"Specifically, despite spending almost $200 million on three spacesuit development efforts, NASA remains years away from having a spacesuit capable of replacing the suits used on the ISS or suitable for use on future exploration missions. Furthermore, given the current development schedule, there is significant risk a next-generation prototype will not be sufficiently mature for testing on the ISS prior to the Station's planned 2024 retirement. In addition, we questioned NASA's decision to spend $80.8 million between 2011 and 2016 to fund a spacesuit development effort despite parallel development activities being conducted elsewhere in the Agency. NASA management concurred with and described corrective actions to address our three recommendations."

"In August 2013, NASA entered into an agreement with the Army Corps of Engineers to build two test stands at Marshall Space Flight Center (Marshall) to test liquid hydrogen and liquid oxygen tanks from the core stage of the Agency's new heavy-lift rocket. Our review found that the compressed project schedule, uncertain requirements, and design changes resulted in significant cost increases for the project. In addition, NASA did not adequately consider alternative locations before selecting Marshall as the site for the test stands and therefore cannot ensure it made the most cost-effective decision regarding where to build the stands."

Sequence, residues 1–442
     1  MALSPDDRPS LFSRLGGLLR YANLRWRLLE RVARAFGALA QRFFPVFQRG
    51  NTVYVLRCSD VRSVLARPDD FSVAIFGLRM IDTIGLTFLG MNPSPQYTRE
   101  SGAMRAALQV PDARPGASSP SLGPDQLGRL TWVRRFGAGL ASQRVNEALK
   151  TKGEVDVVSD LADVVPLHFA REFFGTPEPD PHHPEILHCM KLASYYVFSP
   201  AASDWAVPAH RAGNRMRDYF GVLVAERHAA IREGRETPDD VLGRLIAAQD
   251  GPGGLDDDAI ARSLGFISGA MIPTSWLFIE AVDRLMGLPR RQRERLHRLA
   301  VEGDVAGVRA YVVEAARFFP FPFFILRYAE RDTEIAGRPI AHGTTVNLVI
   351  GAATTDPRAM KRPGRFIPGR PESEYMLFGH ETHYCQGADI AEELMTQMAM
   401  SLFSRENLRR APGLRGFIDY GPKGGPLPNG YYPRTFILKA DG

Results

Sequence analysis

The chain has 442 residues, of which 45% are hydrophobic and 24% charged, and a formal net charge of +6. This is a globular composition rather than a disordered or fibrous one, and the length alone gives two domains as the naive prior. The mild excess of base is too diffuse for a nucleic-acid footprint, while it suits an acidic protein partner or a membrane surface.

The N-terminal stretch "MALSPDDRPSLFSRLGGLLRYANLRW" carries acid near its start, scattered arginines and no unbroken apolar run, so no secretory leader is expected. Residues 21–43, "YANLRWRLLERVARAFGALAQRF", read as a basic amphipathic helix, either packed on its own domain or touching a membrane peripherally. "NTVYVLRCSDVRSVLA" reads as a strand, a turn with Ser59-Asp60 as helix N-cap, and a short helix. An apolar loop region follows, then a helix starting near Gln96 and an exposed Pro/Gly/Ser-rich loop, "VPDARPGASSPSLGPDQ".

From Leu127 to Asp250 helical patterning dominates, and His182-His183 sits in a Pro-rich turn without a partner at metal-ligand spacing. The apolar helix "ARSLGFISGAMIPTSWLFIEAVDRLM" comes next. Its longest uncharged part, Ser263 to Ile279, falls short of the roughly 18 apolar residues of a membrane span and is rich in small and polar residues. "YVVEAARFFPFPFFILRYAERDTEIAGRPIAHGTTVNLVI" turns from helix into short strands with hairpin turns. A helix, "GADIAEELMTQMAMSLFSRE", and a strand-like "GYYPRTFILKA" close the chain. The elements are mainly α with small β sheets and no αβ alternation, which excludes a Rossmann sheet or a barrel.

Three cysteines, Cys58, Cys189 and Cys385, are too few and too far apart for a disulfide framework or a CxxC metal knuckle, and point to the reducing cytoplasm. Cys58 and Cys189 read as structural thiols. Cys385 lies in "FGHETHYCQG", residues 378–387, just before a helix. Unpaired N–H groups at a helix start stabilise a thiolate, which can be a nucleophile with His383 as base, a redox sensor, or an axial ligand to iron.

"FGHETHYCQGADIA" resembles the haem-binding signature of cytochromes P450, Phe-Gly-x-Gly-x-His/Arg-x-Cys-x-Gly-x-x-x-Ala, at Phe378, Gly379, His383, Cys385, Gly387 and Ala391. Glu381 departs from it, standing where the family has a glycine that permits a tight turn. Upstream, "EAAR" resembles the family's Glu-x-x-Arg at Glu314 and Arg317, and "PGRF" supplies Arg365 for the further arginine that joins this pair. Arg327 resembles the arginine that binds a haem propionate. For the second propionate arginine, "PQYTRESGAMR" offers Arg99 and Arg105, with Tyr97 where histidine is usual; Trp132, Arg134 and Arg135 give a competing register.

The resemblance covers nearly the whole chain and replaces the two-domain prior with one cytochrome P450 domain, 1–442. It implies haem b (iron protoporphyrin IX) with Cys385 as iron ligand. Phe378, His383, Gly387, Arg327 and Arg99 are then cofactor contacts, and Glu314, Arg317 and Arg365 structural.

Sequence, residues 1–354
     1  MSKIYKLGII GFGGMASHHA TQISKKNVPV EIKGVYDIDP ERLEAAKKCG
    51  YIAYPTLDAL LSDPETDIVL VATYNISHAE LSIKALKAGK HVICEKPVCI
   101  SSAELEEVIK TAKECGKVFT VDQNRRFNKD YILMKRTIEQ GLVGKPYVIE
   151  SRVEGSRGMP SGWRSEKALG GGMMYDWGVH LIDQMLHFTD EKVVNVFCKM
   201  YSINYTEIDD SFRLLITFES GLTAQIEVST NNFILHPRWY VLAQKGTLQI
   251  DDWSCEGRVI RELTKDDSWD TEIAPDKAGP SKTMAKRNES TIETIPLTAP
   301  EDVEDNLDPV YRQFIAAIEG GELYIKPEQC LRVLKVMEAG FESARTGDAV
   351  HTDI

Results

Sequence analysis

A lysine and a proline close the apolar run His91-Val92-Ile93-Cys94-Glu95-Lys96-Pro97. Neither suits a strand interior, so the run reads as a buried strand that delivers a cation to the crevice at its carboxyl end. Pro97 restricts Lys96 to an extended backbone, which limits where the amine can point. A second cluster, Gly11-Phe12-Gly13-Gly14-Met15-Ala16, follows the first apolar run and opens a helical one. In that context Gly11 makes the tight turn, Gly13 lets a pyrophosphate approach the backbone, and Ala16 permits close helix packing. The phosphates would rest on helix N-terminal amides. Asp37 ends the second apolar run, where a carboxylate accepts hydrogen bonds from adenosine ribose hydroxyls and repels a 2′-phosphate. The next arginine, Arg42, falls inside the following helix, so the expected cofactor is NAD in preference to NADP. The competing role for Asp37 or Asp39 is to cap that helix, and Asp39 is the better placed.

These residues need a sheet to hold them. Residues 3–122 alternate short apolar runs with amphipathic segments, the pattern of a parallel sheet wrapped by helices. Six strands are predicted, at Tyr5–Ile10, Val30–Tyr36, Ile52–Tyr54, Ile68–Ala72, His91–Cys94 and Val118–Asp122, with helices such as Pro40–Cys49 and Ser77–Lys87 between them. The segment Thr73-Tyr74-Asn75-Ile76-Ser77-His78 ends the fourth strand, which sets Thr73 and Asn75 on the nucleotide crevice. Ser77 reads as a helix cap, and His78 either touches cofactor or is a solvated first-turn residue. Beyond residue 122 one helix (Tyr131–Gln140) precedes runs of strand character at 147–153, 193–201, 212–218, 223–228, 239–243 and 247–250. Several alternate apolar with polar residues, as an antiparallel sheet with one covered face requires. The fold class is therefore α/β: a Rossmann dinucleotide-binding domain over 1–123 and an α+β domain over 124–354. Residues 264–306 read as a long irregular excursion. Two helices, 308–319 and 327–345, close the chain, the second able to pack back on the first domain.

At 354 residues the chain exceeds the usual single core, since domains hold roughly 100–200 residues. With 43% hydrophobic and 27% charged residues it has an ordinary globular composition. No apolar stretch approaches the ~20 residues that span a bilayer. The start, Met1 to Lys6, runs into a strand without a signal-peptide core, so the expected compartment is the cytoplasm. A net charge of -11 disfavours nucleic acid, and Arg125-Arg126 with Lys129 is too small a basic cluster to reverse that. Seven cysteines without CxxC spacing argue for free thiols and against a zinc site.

Keith's note: There is a lot of talk these days about yet another pivot in America's civilian space policy. This time it is "back" to the Moon. Mars is not off the agenda - but it is not moving forward either. Personally I think we have unfinished business on the Moon and that creating a vibrant cis-lunar space infrastructure is the best way to enable humans to go to many places in the solar system - including Mars. Regardless of your stance on this issue, a common refrain about going back to the Moon - starting with President Obama is that "We've been there before".

Humans first reached the South Pole by an overland route in 1911/1912. While we visited the pole by plane in the intervening years, no one traversed Antarctica's surface again until 1958. 46 years between Antarctic polar traverses. Why did we go back to do something - again - in a similar way - to a place "we've been [to] before" after 46 years? Because there was still something of interest there - something we'd only had a fleeting exposure to - and we had developed new ways to traverse polar environments. James Cameron revisited the Challenger Deep in 2012 - after a human absence of 52 years. Why? See above. It is understandable that explorers seek to explore new places and not redo what has been done before. There is only so much funding and there are still so many places yet to be explored. But it is also not uncommon for explorers to revisit old, previously visited locations with new tools - and new mindsets.